Paurvi: Sure, well listen, it’s affecting us in every way. I think every company, every community is inside of COVID-19. We’re feeling it as individuals, and it’s hard to do more but also doing our best to take care of each other. The way we’re approaching it as a company is through innovation across three key areas: First and foremost, making sure employees and their families are well taken care of. That is our first imperative. In addition to that of course making sure patients and the healthcare system around them is strengthened. That’s our core business, that is what we do as a company and what we do as part of our philanthropy. And finally making sure we’re part of this global community that’s working so hard to get to the right solutions, get to the right resources and making sure that people who need help are getting help. That also includes us as individuals, behaving the way we need to behave right now, which is paying attention to all the guidance we’re getting no matter where we are in the world to ensure we’re not contributing to the spread of the virus and are actually heeding the guidance that’s been given. We are organized across those three areas. So when I think about what we’re doing across them, if you go to employees and what we’re doing with employees and families, we’re making sure our employees are well supported to be able to work virtually, to be at home with family, take the time off if they need it, ensure that they have what they need for their families first. It’s a variety of things. Everyone’s learning how to be much more flexible and provide the support that’s needed, making sure we’ve got the right time off if it’s necessary and also ensuring that if you do need extended time off, that that’s offered. And many other things are happening from an HR perspective. We also are ensuring we have an employee assistance fund that lifted up during the Puerto Rico hurricanes. It was set up to help employees help each other, and we, as a philanthropy, contribute into it and employees are able to contribute into it. That’s a fund where in hard times they support each other. So that is growing as we go through this time. When we come to our patients and our health systems and the product we can offer — absolutely. If you’ve been watching the news you absolutely know that the ventilator issue is huge, and we are inside of solving that problem, whether it’s expanding or doubling production, which we have for our ventilators which are often used inside an ICU during intubation. It is something we’ve been ramping up very quickly in good partnership with a lot of other organizations and companies like Tesla, like Intel. The news changes every day as we try and keep pace and solve the gap. We’ve open-sourced another ventilator that we have so that any other manufacturer is able to pull down the specs and be able to go into production there. We’re very proud we’ve been able to offer that as a contribution as well. And more and more will come as time unfolds there. We provide as much insight as we can and better delivery of care during this time with all of our employees that are involved closer into facilities. And then of course, if you think about who Medtronic is, it’s not like the other parts of our business have stopped. We certainly are on the front line in our vascular business, in our diabetes business, and other areas of surgical solutions to make sure that when patients are in need, our teams are right there. And because of how we deliver service, we’re inside health facilities as well and again, back to employees, making sure employees are safe in doing the work that they need to do. Some of them are even going beyond just the work at hand but are volunteering their time in healthcare facilities because they have a clinical background as well, and we’re making sure they’re well protected and that we’ve got the things that are necessary for them to do that safely. And that brings me to community. As I said, we follow everything we can in guidance, ensuring we’re enabling our employees to participate directly inside of healthcare if that’s what they wish. Virtual volunteerism — there’s such a spirit to give back right now, and we want to meet that demand, so we’re doing what we can there. And then also, we’ve doubled our match. Match giving is an opportunity in corporate philanthropy where an employee can give a certain amount of resources to an eligible nonprofit, and our foundation will match that amount. Right now, the foundation is doubling that match during this period of time. So if I give a dollar, the foundation will give another two, and that nonprofit gets $3 as a result. And so we have lifted that up and are offering that for the next couple of months so that the front line and the community, based on where employees want to support is really secure with more and more resources. And then finally, we’ve been supporting WHO Solidarity Fund, CDC Foundation, and a good suite of relief organizations as well as our tried-and-true health partners that are with us to make sure that they have the resourcing they need. If they need any adjustments along the way, to relax anything that we can so they’re well-supported. We’re doing that so we’re making sure they have the operational support that they need. And we’ll continue to think about those kinds of solutions. We’re also contributing to a lot of COVID-19 relief funds that are popping up across the country and the world to make sure that we’re part of a rapid response wherever we are. So here in Minnesota, we’ve joined with a good number of philanthropies to make sure we’ve got quick funds that are getting out to nonprofits here. We’re anticipating very similar things across the country and including Ireland, where we’re headquartered. And then finally, some national food partnerships that we’re also pursuing to ensure that food assistance is happening very quickly. And we’ll continue to evolve as we learn more about how this pandemic is showing up, but the three tenets of employees and families, patients and providers and the health systems around them, and our community will continue throughout. That matches our strategy on a good day in addition to what we do during this time.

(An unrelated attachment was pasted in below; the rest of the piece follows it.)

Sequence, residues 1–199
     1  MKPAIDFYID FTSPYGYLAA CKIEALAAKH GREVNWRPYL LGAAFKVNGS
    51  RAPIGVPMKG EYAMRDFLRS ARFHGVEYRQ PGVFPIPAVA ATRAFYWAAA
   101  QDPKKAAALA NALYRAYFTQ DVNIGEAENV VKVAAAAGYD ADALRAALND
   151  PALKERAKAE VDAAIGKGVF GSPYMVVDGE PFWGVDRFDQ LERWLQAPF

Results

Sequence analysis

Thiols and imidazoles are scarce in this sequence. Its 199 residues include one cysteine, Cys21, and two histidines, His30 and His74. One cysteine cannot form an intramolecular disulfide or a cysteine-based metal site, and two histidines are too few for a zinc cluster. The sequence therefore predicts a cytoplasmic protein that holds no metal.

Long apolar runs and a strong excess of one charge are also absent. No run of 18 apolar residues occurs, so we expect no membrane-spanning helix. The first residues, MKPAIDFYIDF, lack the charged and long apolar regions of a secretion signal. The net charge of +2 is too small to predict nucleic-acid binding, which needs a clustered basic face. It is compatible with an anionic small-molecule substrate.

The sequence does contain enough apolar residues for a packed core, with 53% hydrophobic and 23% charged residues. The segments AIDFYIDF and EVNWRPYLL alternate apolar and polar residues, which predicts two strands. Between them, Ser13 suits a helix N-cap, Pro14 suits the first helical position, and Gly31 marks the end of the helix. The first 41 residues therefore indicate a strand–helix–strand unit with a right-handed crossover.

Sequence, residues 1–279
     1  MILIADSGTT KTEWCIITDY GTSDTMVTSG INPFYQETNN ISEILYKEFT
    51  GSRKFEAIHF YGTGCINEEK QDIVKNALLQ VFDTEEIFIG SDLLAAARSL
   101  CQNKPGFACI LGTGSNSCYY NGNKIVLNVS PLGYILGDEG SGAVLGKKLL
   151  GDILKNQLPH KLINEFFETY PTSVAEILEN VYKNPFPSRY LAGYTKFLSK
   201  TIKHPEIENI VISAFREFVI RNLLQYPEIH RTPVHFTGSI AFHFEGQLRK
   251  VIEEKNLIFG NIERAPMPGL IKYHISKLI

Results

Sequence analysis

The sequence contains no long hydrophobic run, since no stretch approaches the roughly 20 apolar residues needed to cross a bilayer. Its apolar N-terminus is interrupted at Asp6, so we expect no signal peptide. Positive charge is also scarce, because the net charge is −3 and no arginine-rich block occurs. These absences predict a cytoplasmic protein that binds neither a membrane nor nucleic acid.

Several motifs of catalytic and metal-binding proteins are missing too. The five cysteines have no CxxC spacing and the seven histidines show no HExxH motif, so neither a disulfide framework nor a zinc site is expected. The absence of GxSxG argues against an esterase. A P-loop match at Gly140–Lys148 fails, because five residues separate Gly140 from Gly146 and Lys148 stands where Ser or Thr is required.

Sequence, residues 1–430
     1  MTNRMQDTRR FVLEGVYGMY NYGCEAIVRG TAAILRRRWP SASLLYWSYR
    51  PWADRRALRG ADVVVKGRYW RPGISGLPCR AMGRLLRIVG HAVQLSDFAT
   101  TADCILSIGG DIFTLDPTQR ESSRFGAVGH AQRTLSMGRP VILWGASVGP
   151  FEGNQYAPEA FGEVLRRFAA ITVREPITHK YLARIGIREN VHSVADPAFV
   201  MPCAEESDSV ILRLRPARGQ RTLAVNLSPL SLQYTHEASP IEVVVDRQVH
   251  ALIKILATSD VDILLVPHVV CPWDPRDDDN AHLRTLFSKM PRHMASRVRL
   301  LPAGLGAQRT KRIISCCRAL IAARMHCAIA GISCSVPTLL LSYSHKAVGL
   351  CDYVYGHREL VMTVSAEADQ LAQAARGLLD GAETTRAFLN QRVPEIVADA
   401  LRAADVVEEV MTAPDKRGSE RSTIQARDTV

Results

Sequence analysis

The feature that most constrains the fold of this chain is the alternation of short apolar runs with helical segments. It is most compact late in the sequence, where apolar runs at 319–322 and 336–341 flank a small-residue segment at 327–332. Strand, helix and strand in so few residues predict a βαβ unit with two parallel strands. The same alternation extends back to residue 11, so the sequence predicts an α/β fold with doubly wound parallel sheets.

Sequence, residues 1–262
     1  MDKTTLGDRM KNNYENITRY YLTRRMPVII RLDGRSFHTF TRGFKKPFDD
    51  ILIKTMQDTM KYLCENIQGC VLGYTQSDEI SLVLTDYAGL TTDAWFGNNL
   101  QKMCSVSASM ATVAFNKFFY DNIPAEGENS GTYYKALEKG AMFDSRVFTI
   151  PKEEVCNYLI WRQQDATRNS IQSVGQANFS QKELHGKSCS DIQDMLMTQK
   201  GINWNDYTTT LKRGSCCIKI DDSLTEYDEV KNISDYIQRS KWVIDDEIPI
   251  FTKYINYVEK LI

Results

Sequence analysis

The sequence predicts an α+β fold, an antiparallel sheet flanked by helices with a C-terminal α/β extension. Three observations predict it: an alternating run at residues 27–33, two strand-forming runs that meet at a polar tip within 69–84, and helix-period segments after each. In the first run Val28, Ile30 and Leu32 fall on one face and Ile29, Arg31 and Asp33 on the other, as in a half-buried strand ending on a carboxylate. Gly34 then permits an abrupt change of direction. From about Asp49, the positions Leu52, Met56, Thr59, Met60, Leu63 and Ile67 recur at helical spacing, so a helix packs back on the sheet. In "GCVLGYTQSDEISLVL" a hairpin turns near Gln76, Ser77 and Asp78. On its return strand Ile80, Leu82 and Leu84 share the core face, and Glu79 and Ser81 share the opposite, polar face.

Jenn: Wow, the work you guys are doing is just so amazing. I really appreciate your time today. This was fantastic, so thank you so much for being here.